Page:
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Houston Riverside General Hospital specialized in the kind of medicine its better-heeled brethren did their best to avoid. Like treating the poor, the mentally ill, the drug-addled.
So it's no surprise that the 95-year-old nonprofit — formerly known as Houston Negro Hospital — shared the same broken finances as the people it served. Most patients couldn't pay their own way, leaving Riverside to survive off the rock-bottom reimbursement rates of Medicare and Medicaid.
At one point, it was losing $10,000 a day. That's when executives decided to cauterize the wound with a hot poker of fraud.
In 1996 the State of Texas accused Riverside of padding fees and billing for drug rehabilitation services it never provided. Texas canceled $1 million in contracts and demanded that the hospital repay another $763,000. It also urged the feds to audit Riverside's Medicare and Medicaid payments.
Yet charges of fraud weren't enough for bureaucrats to fully close the spigot. The money continued to flow.
It would take another eight years before the state finally had enough. In 2004 it moved most of its drug-treatment contracts to more trusted providers, slashing Riverside's funding by 75 percent.
Unfortunately for the taxpayers, CEO Earnest Gibson III had friends in influential places.
Congresswoman Sheila Jackson Lee, a Democrat from Texas, demanded an investigation of the cuts, calling on Governor Rick Perry to restore the money. Perry, who had appointed Gibson to the Board of Regents at Texas Southern University, was happy to oblige.
By the time it was over, Riverside emerged with another $3 million.
It wasn't until 2011 — fifteen years after the initial accusations — that law enforcement got serious. That's when the feds nailed administrator Mohammad Khan, who confessed to enriching the hospital through a kickback scheme.
He had been paying "recruiters" $300 a head to bring Medicare patients to Riverside's six psychiatric clinics. They arrived by the van-load for daily therapy sessions they rarely qualified for or received. Medicare picked up the $116 million tab.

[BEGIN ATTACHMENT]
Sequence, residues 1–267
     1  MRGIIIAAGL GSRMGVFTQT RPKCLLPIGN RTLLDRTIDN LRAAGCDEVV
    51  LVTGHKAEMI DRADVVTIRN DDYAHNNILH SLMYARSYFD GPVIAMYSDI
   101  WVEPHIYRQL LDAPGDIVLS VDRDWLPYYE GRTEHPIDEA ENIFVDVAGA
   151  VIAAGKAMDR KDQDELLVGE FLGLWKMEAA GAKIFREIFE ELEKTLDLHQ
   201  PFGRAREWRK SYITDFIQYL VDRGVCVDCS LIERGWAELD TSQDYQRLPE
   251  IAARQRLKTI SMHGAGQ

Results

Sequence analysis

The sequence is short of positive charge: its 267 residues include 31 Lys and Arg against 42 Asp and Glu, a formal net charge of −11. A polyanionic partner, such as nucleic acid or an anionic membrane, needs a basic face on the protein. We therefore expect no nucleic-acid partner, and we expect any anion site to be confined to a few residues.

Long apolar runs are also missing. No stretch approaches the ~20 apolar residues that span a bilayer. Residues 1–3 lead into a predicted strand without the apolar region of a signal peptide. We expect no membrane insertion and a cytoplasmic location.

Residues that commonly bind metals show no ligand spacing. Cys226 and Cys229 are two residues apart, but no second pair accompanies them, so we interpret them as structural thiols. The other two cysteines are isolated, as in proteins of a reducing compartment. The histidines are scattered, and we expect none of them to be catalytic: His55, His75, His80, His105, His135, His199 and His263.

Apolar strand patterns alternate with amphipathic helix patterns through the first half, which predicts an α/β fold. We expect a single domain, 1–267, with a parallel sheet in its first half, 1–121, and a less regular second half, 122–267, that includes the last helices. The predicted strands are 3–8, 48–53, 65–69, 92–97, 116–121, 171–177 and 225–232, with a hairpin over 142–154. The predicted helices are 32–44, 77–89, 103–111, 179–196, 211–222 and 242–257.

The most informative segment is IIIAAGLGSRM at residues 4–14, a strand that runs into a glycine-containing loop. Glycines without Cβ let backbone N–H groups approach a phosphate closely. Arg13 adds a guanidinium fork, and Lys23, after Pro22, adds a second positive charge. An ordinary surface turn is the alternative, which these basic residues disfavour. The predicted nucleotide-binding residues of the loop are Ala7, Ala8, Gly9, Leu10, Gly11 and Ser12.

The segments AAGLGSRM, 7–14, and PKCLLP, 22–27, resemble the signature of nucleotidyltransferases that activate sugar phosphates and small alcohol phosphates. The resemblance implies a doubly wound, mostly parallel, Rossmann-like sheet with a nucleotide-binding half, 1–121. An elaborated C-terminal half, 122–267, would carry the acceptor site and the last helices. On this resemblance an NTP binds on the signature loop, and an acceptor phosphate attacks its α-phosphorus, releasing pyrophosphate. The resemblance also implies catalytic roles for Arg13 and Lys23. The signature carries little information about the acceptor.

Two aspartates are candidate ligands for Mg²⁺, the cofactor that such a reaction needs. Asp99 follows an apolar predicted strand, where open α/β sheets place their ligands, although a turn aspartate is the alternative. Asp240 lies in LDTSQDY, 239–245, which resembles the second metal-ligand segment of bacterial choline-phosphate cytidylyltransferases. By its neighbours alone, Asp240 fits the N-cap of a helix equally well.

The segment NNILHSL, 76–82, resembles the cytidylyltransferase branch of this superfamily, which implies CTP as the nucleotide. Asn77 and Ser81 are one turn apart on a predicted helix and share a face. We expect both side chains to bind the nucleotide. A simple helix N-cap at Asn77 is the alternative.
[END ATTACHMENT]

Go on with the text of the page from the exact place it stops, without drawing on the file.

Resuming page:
When the scheme was discovered, the Centers for Medicaid & Medicare Services (CMS) finally halted the hospital's payments.
But in the eyes of Jackson Lee, a meager $116 million theft was hardly cause to rush to judgment. Her husband, Elwyn Lee, once served on Riverside's board. So the good congresswoman again rode to the hospital's rescue.
"Even if more harmful acts prove to be true," she wrote to CMS, "an entire institution should not be penalized by the acts of one person."
In Riverside's case, that "one person" would abruptly multiply. Kahn ratted out CEO Earnest Gibson III as his co-conspirator. The feds also nabbed Gibson's 35-year-old son, Earnest IV. He ran one of the psychiatric clinics and was charged with billing nearly $700,000 for care that "was not medically necessary and, in some cases, not provided," according to prosecutors.
Investigators discovered that, since 2005, the hospital had been swindling the feds to the tune of $22 million a year. Kahn pleaded guilty. The two Gibsons and five others await trial on charges of fraud, conspiracy and money laundering.
By this time, Jackson Lee had no choice but to dial down her patron sainthood. She refused to comment for this story.
Yet, another member of Congress is happy to talk. Kevin Brady, a Texas Republican, has been trying to draw attention to health-care fraud in Houston since entering office in 2009. It seems that CMS, the agency charged with protecting Medicare dollars, failed to notice that the city's private ambulance services were robbing it blind.
That year companies in Harris County, Texas, billed Medicare $62 million for emergency shuttles. By comparison New York City received $7 million for the same services. Brady's concerns went ignored until 2011, when a Houston Chronicle series dragged the scam into the light.
Think of the Medicare program as a bank that never bothered to buy a safe. Everyone from HMOs to drug dealers have been caught robbing it time and time again, stealing the kind of money that makes the sequester look like pocket change.
While the credit-card industry uses data-mining techniques to flag fraud within minutes, CMS has allowed the most obvious schemes to run for years, rarely the wiser.
"Washington has long bragged that Medicare only has a 2 percent administrative overhead," Brady says. "But with that, we've paid a steep price in far too much fraud."
Given how often such blatant thievery goes undetected, no one's sure how much fraud there really is. Conservative estimates place the bill at $100 billion annually. The more adventurous peg the figure closer to $300 billion — three times what the feds spend on education.
It has left federal health care little more than an unlocked home, where street punks and gangsters, doctors and even states walk right in and help themselves to whatever's inside.
All You Need Is the Government and Your Imagination
The stealing has become so sweet that Medicare fraud threatens to overcome drug dealing as America's favorite quick-riches pastime. Street criminals can easily pull in $25,000 a day without carrying a gun. Throw in modest sentences for getting caught, and it's the criminal equivalent of saccharine.
Take Cuban expat Armando Gonzalez, who served five years for dealing crack. When he got out, he started several outpatient psychiatric clinics in Miami with a scheme similar to Riverside's.